Society has it drilled into us that we need to do everything, we need to multitask. However if you go beyond your limit, the mental exhaustion will have you and if you try and push through that you can hit The (Writing) Wall.
DEALING WITH MENTAL EXHAUSTION
You need to acknowledge the issue and give yourself some breathing space. If you have family or friends who can help out when you are struggling, ask for their help. There is nothing wrong with needing a little support. It does not mean you are weak or unable to cope.
After all if your friend asked you for help would you not give it? If you found out later that a friend who hadn’t asked you for help, had been struggling how would you feel?
So now you’ve acknowledged you need to give yourself a break.
The best way is to remove excessive mental stimuli. So don’t just stop writing for a few days, give yourself a proper break.
That means having quiet moments, no TV, no phone, no spending hours flicking through sites on the internet, or hanging around with large groups of people. Take some quiet time, to read or go for a walk somewhere peaceful or go for a nap if you are really drained.
Writing can be extreme stimulation especially when you are working on long complex plots, detailed characters and struggling to fix holes. This can overwhelm and in doing so make us view our writing in a darker light (yes I’m aware of the oxymoron there).
This can be a good time to step away, try not to think about the writing, just go and do something else – but make that just one thing. Watch a movie, but switch off your phone and maybe ask not to be disturbed.
If you find your are getting overwhelmed more and more, consider looking at your writing process. Are you listening to music while you write? Do you have IMs popping up? People wandering in to chat to you? Are you facing a window full of distractions? Even if these were never an issue, they can become an issue if you are reaching mental exhaustion.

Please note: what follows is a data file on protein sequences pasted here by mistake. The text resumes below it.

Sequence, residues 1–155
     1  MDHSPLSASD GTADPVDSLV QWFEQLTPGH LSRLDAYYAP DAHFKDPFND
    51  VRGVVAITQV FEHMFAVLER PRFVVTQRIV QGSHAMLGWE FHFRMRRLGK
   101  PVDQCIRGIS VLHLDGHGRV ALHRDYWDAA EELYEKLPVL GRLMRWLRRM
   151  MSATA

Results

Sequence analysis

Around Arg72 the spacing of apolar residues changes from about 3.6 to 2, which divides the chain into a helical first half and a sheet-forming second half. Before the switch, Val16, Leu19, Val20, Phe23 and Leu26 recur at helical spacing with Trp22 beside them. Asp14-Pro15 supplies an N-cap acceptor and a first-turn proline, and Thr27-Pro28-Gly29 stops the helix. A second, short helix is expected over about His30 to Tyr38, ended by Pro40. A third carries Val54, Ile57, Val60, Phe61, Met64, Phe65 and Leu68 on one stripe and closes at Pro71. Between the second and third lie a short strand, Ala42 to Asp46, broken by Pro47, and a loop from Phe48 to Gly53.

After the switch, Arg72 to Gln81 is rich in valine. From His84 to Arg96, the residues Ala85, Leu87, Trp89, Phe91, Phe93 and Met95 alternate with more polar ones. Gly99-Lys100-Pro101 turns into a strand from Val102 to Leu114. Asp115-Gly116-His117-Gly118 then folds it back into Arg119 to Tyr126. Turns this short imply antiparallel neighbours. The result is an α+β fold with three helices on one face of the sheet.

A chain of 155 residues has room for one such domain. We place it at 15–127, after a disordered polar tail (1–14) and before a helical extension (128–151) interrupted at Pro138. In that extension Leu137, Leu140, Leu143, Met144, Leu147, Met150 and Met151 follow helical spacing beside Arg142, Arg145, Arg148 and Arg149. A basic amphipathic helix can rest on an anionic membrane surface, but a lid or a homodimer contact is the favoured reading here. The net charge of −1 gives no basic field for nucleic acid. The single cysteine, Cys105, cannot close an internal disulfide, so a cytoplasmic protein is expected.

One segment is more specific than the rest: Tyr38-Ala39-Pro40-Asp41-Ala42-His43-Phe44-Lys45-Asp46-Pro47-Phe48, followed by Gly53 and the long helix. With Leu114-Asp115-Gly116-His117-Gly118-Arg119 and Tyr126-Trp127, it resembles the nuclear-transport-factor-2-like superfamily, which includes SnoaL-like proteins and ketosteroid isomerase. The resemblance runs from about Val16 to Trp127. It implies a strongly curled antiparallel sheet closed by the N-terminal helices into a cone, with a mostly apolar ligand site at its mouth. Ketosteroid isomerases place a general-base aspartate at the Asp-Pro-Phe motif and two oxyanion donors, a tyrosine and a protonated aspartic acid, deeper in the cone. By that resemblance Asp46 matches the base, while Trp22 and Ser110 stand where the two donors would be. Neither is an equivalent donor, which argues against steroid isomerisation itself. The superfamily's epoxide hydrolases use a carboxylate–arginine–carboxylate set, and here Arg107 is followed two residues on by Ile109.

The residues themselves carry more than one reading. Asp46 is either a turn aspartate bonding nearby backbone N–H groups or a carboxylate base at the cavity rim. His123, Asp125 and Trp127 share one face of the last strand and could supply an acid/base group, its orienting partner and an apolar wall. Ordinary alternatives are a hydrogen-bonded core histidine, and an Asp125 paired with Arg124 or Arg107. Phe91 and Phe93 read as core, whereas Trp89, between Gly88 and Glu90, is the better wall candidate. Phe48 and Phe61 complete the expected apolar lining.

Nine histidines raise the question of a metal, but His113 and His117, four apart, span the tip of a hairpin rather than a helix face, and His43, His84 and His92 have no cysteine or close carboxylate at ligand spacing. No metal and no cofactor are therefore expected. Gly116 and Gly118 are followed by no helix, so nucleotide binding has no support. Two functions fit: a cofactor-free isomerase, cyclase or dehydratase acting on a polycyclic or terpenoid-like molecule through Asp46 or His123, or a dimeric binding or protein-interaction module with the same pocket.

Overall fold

Try and remove other stimulation to help ease the possibility of becoming overwhelmed.
I used to listen to music and face the window. I can’t do that now, with so much stuff in my life that is demanding I get overwhelmed faster these days so I do what I can to reduce the stimulation when I’m writing.
I lock myself in my room, no music, no internet, no phone. My desk faces away from the window and I have natural light. I find it helps to let me get into the writing and stops me bringing a lot of the mental stresses with me.
However even those don’t work when things can get rough, and in those instances I need space, time, quiet to recover from the exhaustion.
Writers are temperamental, we feel deeply, think deeply, sink into our novels and our characters. As I mentioned in the Some (weird) truths about writers post, our emotions run at the surface and we can suffer for our craft.
So as a writer you need to be attune to yourself, your own needs and your own stressors that can put you passed your limit. Know when to step away, know when to let something else go so you can focus on writing, know when to leave the writing (temporarily) in order to focus on something else that needs your attention.
Hopefully I’ll be in a better place next week and get back on form, but I do hope you find this interesting at least.
As always I update this blog on Fridays though mostly at 18:30 (BST) but every now and then I end up putting one up late….like this.